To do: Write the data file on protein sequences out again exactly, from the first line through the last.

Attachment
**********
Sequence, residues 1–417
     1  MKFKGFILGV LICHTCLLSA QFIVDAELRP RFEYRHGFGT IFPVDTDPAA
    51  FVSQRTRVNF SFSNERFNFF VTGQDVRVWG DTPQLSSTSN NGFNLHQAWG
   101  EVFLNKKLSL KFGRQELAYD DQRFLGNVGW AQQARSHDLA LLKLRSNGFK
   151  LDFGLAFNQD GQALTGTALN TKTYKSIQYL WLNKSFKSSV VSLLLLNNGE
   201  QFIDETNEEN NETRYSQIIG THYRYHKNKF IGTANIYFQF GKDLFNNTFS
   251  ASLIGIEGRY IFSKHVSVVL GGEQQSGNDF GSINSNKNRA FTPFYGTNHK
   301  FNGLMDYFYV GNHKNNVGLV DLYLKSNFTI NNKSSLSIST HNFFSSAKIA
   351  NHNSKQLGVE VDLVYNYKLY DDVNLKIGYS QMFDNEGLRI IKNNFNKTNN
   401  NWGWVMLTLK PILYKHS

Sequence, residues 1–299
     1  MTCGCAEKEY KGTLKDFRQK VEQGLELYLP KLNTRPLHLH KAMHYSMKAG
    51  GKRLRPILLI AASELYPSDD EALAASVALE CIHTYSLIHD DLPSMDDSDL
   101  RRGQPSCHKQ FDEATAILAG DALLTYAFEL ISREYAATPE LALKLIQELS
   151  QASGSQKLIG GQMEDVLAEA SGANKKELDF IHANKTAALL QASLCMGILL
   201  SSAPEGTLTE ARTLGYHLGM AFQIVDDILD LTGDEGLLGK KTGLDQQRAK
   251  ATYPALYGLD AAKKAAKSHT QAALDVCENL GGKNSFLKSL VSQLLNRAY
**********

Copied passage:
Sequence, residues 1–417
     1  MKFKGFILGV LICHTCLLSA QFIVDAELRP RFEYRHGFGT IFPVDTDPAA
    51  FVSQRTRVNF SFSNERFNFF VTGQDVRVWG DTPQLSSTSN NGFNLHQAWG
   101  EVFLNKKLSL KFGRQELAYD DQRFLGNVGW AQQARSHDLA LLKLRSNGFK
   151  LDFGLAFNQD GQALTGTALN TKTYKSIQYL WLNKSFKSSV VSLLLLNNGE
   201  QFIDETNEEN NETRYSQIIG THYRYHKNKF IGTANIYFQF GKDLFNNTFS
   251  ASLIGIEGRY IFSKHVSVVL GGEQQSGNDF GSINSNKNRA FTPFYGTNHK
   301  FNGLMDYFYV GNHKNNVGLV DLYLKSNFTI NNKSSLSIST HNFFSSAKIA
   351  NHNSKQLGVE VDLVYNYKLY DDVNLKIGYS QMFDNEGLRI IKNNFNKTNN
   401  NWGWVMLTLK PILYKHS

Sequence, residues 1–299
     1  MTCGCAEKEY KGTLKDFRQK VEQGLELYLP KLNTRPLHLH KAMHYSMKAG
    51  GKRLRPILLI AASELYPSDD EALAASVALE CIHTYSLIHD DLPSMDDSDL
   101  RRGQPSCHKQ FDEATAILAG DALLTYAFEL ISREYAATPE LALKLIQELS
   151  QASGSQKLIG GQMEDVLAEA SGANKKELDF IHANKTAALL QASLCMGILL
   201  SSAPEGTLTE ARTLGYHLGM AFQIVDDILD LTGDEGLLGK KTGLDQQRAK
   251  ATYPALYGLD AAKKAAKSHT QAALDVCENL GGKNSFLKSL VSQLLNRAY